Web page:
The holidays are always filled with Christmas songs — at school, in the mall, on KOST 103.5. They are also prime time for karaoke, whether it’s at a family gathering, office party or night out with friends.
This year, The Times created the ultimate guide to finding your go-to karaoke songs with the help of reader suggestions, a panel of karaoke enthusiasts and Pandora music analysts. The song generator allows you to choose songs based on time period, vocal range, mood and difficulty.
You can sing anything you want at a holiday karaoke party. But if you want to have a Christmas-themed karaoke night, it’s helpful to use the same principles we learned from our research to choose a song. The best selections are always a mix of strategy and personal preference — head and heart, if you will.
We invited the experts and reporters from our karaoke project to share what they would sing if we had a Christmas-themed karaoke party — and linked the songs to corresponding karaoke videos for your convenience. We also asked Pandora music analysts Steve Hogan and Hannah Glass to remind us of what we should consider and to suggest songs based on their Music Genome Project data.
Welcome to our virtual karaoke party (Theme: Christmas)
A.J. Rafael, singer-songwriter
“Feliz Navidad” and “The Christmas Song”
“Feliz Navidad” gets everybody dancing and singing along, which is always perfect for a party opener. “The Christmas Song,” aka “Chestnuts roasting on an open fire,” is a classic that everybody knows, and it really reminds people of the warmth of the season. There are really cool chords and key changes in that song, so I’d say that it’s a medium-difficulty song with just enough jazz to make a singer look really good if they can nail it.” Rafael and Alyssa Navarro recently released their first Christmas song, “Counting Down to Christmas.”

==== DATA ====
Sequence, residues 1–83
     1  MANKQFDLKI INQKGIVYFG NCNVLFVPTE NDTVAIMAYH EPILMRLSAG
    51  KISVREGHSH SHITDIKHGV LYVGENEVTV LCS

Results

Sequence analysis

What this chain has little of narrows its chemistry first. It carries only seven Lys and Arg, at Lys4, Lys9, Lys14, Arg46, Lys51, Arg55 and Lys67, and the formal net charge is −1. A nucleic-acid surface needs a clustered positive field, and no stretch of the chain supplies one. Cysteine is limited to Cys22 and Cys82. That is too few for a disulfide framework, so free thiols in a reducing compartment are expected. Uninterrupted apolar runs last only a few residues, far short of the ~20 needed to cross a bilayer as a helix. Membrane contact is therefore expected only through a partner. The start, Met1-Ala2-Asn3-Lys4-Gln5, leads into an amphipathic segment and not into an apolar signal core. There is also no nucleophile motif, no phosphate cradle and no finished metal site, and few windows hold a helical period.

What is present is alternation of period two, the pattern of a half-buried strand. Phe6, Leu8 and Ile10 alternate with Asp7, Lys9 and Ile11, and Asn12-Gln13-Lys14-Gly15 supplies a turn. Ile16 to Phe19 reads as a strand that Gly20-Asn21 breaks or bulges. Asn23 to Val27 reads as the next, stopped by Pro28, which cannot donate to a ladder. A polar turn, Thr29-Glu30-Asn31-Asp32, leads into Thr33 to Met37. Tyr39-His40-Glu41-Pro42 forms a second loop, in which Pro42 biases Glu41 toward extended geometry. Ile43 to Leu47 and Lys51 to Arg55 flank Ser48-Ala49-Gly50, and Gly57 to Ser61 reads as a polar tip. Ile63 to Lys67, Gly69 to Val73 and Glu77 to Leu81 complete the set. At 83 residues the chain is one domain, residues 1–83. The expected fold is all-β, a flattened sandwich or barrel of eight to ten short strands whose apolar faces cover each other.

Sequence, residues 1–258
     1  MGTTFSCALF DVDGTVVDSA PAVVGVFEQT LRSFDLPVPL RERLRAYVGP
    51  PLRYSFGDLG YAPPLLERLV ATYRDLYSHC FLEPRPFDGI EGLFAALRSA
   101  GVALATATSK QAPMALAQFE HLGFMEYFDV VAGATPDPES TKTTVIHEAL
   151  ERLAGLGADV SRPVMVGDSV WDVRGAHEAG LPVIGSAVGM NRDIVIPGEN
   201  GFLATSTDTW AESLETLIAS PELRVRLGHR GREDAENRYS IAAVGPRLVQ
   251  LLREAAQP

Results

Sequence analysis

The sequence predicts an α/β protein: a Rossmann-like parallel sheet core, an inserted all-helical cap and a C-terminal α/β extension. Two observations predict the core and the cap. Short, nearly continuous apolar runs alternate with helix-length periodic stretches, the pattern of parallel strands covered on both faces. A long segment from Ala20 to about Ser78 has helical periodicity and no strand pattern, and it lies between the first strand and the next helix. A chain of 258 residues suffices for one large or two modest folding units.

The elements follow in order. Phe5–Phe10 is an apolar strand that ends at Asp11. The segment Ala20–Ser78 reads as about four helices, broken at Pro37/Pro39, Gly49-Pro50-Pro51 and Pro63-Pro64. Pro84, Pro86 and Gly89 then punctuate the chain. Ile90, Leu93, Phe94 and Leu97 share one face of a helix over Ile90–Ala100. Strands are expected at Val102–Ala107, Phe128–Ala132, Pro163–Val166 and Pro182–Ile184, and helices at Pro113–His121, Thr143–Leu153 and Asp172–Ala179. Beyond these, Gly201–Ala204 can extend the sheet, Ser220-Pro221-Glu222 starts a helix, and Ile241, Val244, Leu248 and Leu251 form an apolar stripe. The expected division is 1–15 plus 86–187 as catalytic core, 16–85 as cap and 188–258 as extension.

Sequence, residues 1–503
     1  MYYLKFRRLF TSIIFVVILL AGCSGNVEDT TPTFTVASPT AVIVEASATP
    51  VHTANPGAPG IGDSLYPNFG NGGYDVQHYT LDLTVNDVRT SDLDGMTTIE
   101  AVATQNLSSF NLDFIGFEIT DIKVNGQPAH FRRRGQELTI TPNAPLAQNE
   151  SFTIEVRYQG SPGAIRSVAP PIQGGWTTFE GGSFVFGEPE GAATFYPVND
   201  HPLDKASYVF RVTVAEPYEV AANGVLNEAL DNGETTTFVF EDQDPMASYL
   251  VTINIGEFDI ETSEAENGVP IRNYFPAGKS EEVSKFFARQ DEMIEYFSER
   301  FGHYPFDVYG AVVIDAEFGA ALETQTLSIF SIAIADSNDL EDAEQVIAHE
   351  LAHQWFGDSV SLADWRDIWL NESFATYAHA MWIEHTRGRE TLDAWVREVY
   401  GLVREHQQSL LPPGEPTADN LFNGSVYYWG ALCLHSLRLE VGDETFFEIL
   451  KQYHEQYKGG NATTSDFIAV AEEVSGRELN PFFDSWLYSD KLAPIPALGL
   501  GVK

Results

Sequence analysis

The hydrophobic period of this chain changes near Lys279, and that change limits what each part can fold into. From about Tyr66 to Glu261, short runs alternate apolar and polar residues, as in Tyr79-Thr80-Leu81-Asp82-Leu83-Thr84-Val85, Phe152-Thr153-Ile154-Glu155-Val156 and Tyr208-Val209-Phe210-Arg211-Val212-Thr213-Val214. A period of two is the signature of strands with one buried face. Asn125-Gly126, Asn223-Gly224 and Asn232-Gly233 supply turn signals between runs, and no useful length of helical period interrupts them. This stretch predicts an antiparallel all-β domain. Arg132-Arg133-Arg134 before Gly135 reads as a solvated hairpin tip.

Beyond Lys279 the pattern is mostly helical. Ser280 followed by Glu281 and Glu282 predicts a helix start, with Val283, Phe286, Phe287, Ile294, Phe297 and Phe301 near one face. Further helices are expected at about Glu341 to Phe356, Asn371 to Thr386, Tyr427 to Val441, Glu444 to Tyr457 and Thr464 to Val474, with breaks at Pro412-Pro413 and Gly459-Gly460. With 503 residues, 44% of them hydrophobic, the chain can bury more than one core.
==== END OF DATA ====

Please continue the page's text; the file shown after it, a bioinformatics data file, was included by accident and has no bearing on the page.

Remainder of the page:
Alyssa Navarro, singer
“Have Yourself a Merry Little Christmas” and “All I Want for Christmas Is You”
“Have Yourself a Merry Little Christmas” is my go-to because it’s warm and fuzzy — and everyone knows it. “All I Want for Christmas Is You” by Mariah Carey is another fun one because everybody can dance to it. Also, everyone, including nonsingers, knows all the background parts. Navarro was one of Forbes’ 2022 30 Under 30 for her work as an executive producer at Disney Launchpad.
Sing-along song or show-off song?
There are two main intentions when choosing a song for karaoke, singer Alyssa Navarro told The Times. You can pick an impressive song you know you can smash, or find a song that’s easy for everyone to sing along.
Christmas songs with great sing-along choruses: Gene Autry, “Jingle Bells”; Burl Ives, “Rudolph the Red-Nosed Reindeer”; Pointer Sisters (or Bruce Springsteen), “Santa Claus Is Coming to Town”; “We Wish You a Merry Christmas”
Christmas songs with demanding vocals: Carrie Underwood, “O Holy Night” (extra-challenging: Celine Dion’s version); Mariah Carey, “All I Want for Christmas Is You”; Nat King Cole, “The Christmas Song”; the Beach Boys, “Christmas Day”; Donny Hathaway, “This Christmas”
Steve Hogan, Pandora’s director of music analysis
“Christmas in Hollis”
When I was a kid, the first edition of “A Very Special Christmas” came out and was an instant hit in our household. It is a compilation album of holiday tunes that features some of the biggest stars of the ’80s, and along with the subsequent editions, it has raised a ton of money for the Special Olympics. One of my favorites on this album is “Christmas in Hollis” by Run D.M.C., which, to my knowledge, is the first original hip-hop Christmas song. It is fun, funny, a little bit irreverent, but overall it is a good-natured Christmas classic — and guaranteed to be a winner at the holiday karaoke party.